Due to state funding, attendance is mandatory for students registered at a large community college. Students cannot miss more than eight days of class before being withdrawn from a course. The number of days a student is absent is a discrete random variable. The expected value of this random variable for students at this college is 3.5 days. Write an interpretation of this expected value.
If many students at this college are asked how many days they have been absent, the average number would be 3.5 days.

Question 3.
The students at a large high school were asked to respond anonymously to the question:
How many speeding tickets have you received?
The table below displays the distribution of the number of speeding tickets received by students at this high school.

Compute the expected number of speeding tickets received. Interpret this mean in context.
The expected number of speeding tickets received by students at this high school is as follows:
0(0.55) + 1(0.28) + 2(0.09) + 3(0.04) + 4(0.03) + 5(0.01) = 0.75
In the long run, students at this high school have received an average of 0.75 speeding tickets.

Question 4.
Employees at a large company were asked to respond to the question:
How many times do you bring your lunch to work each week?
The table below displays the distribution of the number of times lunch was brought to work each week by employees at this company.

Compute the expected number of times lunch was brought to work each week. Interpret this mean in context.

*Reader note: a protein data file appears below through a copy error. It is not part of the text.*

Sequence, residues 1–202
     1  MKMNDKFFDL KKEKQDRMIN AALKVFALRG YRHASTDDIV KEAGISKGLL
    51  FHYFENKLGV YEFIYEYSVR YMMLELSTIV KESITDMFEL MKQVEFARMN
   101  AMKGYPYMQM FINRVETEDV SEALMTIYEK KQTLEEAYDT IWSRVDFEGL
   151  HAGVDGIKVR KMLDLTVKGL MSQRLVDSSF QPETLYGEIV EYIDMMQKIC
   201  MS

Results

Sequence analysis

0(0.30) + 1(0.12) + 2(0.12) + 3(0.10) + 4(0.06) + 5(0.30) = 2.4
In the long run, employees at this company brought lunch, on average, 2.4 times each week.

Question 5.
How many total AP courses did you take from Grade 9 through Grade 12?
The table below displays the distribution of the total number of AP courses taken by graduates while attending this high school.

Compute the expected number of total AP courses taken per graduate. Interpret this mean in context.
The expected number of AP courses taken is as follows:
0(0.575) + 1(0.06) + 2(0.09) + 3(0.12) + 4(0.04) + 5(0.05) + 6(0.035) + 7(0.025) + 8(0.005) = 1.435
If many high school graduates are asked how many AP courses were taken between Grades 9 and 12, the average number would be 1.435 AP courses.

Question 6.
At an inspection center in a large city, the tires on the vehicles are checked for damage. The number of damaged tires is a discrete random variable. Create two different distributions for this random variable that have the same expected number of damaged tires. What is the expected number of damaged tires for the two distributions? Interpret the expected value.
Answers will vary. Here is one example.

Distribution 1:

The expected number of damaged tires is as follows:
0(0.60) + 1(0.20) + 2(0.10) + 3(0.05) + 4(0.05) = 0.75
The expected number of damaged tires is 0.75.

Distribution 2:

The expected number of damaged tires is as follows:
0(0.55) + 1(0.30) + 2(0.05) + 3(0.05) + 4(0.05) = 0.75
Because this inspection center examines the tires on the vehicles of a large number of customers, the inspectors find an average of 0.75 damaged tires per vehicle.

### Eureka Math Precalculus Module 5 Lesson 8 Exit Ticket Answer Key

Question 1.
At a large university, students are allowed to register for no more than 7 classes. The number of classes for which a student is registered is a discrete random variable. The expected value of this random variable for students at this university is 4.15.
Write an interpretation of this expected value.